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wasmati ๐Ÿš ย  npm version

Write low-level WebAssembly, from JavaScript

wasmati is a TS library that lets you create Wasm modules by writing out their instructions.

  • ๐Ÿฅท You want to create low-level, hand-optimized Wasm libraries? wasmati is the tool to do so effectively.
  • ๐Ÿš€ You want to sprinkle some Wasm in your JS app, to speed up critical parts? wasmati gives you a JS-native way to achieve that.
  • โš ๏ธ You want to compile Wasm modules from a high-level language, like Rust or C? wasmati is not for you.
npm i wasmati
// example.ts
import { i64, func, Module } from "wasmati";

const myMultiply = func({ in: [i64, i64], out: [i64] }, ([x, y]) => {
  i64.mul(x, y);

let module = Module({ exports: { myMultiply } });
let { instance } = await module.instantiate();

let result = instance.exports.myMultiply(5n, 20n);
console.log({ result });
$ ts-node-esm example.ts
{ result: 100n }


  • Works in all modern browsers, node and deno

  • Parity with WebAssembly. The API directly corresponds to Wasm opcodes, like i32.add etc. All opcodes and language features of the latest WebAssembly spec (2.0) are supported.

  • Readability. Wasm code looks imperative - like writing WAT by hand, just with better DX:

const myFunction = func({ in: [i32, i32], out: [i32] }, ([x, y]) => {
  • Optional syntax sugar to reduce boilerplate assembly like local.get and i32.const
const myFunction = func({ in: [i32, i32], out: [i32] }, ([x, y]) => {
  i32.add(x, y); // local.get(x), local.get(y) are filled in
  i32.shl($, 2); // $ is the top of the stack; i32.const(2) is filled in

// or also

const myFunction = func({ in: [i32, i32], out: [i32] }, ([x, y]) => {
  let z = i32.add(x, y);
  call(otherFunction, [i32.shl(z, 2)]);
  • Type-safe. Example: Local variables are typed; instructions know their input types:
const myFunction = func(
  { in: [i32, i32], locals: [i64], out: [i32] },
  ([x, y], [u]) => {
    i32.add(x, u); // type error: Type '"i64"' is not assignable to type '"i32"'.
  • Great debugging DX. Stack traces point to the exact line in your code where an invalid opcode is called:
Error: i32.add: Expected i32 on the stack, got i64.
    at file:///home/gregor/code/wasmati/examples/example.ts:16:9
  • Easy construction of modules. Just declare exports; dependencies and imports are collected for you. Nothing ends up in the module which isn't needed by any of its exports or its start function.
let mem = memory({ min: 10 });

let module = Module({ exports: { myFunction, mem } });
let instance = await module.instantiate();
  • Excellent type inference. Example: Exported function types are inferred from func definitions:
//                 ^ (arg_0: number, arg_1: number) => number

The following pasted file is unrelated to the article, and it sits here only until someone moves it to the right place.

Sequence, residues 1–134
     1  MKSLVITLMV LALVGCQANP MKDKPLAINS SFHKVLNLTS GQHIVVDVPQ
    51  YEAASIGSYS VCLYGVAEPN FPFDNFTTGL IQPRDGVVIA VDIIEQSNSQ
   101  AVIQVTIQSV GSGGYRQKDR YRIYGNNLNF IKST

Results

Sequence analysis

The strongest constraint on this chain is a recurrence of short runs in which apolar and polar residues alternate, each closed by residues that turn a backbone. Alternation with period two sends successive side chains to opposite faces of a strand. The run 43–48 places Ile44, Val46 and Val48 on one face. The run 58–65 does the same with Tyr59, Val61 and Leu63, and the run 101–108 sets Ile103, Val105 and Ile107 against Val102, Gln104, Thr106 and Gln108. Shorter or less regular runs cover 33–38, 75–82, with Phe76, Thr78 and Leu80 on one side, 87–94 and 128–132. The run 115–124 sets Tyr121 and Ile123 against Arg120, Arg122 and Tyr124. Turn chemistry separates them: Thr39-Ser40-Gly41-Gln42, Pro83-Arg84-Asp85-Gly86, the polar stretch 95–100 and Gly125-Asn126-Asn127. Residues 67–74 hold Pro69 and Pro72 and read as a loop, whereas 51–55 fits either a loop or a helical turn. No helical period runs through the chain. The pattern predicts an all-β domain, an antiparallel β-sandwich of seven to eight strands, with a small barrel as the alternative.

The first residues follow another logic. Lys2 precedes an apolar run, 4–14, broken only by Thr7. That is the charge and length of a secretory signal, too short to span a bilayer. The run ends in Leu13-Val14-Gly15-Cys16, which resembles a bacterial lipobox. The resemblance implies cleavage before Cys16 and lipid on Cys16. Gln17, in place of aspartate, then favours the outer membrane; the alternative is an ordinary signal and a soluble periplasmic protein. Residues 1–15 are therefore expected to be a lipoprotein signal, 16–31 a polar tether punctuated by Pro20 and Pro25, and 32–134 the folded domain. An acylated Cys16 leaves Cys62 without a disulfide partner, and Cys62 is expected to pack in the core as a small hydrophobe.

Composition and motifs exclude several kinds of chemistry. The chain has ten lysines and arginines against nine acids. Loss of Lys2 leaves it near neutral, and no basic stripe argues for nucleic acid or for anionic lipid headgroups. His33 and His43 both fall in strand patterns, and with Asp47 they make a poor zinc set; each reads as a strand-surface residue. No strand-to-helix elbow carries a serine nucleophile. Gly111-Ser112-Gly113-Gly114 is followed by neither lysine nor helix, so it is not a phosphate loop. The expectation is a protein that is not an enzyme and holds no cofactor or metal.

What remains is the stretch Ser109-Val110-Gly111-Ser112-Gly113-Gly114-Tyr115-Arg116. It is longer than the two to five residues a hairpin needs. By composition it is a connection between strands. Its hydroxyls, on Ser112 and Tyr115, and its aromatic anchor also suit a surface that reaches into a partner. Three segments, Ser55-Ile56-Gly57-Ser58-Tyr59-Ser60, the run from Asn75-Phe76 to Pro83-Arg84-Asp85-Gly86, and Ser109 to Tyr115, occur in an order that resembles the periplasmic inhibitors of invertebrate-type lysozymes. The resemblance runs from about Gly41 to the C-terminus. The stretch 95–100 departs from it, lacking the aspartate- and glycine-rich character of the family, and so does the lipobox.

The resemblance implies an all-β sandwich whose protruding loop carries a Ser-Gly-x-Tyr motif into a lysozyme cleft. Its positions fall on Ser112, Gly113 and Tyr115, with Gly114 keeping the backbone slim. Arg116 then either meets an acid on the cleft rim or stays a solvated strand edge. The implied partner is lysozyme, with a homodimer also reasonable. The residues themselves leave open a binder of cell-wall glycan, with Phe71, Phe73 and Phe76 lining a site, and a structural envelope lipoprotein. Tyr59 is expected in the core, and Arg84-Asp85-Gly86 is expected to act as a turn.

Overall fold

• Atomic import declaration. Imports are declared as types along with their JS values. Abstracts away the global "import object" that is separate from "import declaration".
const consoleLog = importFunc({ in: [i32], out: [] }, (x) =>
  console.log("logging from wasm:", x)

const myFunction = func({ in: [i32, i32], out: [i32] }, ([x, y]) => {
  call(consoleLog, [x]);
  i32.add(x, y);
  • Great composability and IO
    • Internal representation of modules / funcs / etc is a readable JSON object
    • Convert to/from Wasm bytecode with module.toBytes(), Module.fromBytes(bytes)

Features that aren't implemented yet

PRs welcome!

  • Wasmati build. We want to add an optional build step which takes as input a file that exports your Module, and compiles it to a file which doesn't depend on wasmati at runtime. Instead, it hard-codes the Wasm bytecode as base64 string, correctly imports all dependencies (imports) for the instantiation like the original file did, instantiates the module (top-level await) and exports the module's exports.
// example.ts
let module = Module({ exports: { myFunction, mem } });

export { module as default };
import { myFunction } from "./example.wasm.js"; // example.wasm.js does not depend on wasmati at runtime
  • Experimental Wasm opcodes. We want to support opcodes from recently standardized or in-progress feature proposals (like this one) which haven't yet made it to the spec. The eventual goal is to support proposals as soon as they are implemented in at least one JS engine.

  • Custom module sections. We want to support creation and parsing of "custom sections" like the name section

Some ideas that are a bit further out:

  • Decompiler: take any Wasm file and create wasmati TS code from it -- to modify it, debug it etc
  • Source maps, so you can look at the culprit JS code when Wasm throws an error
  • Optional JS interpreter which can take DSL code and execute it in JS
    • could enable even more flexible debugging -- inspect the stack, global/local scope etc


Write low-level WebAssembly, from JavaScript








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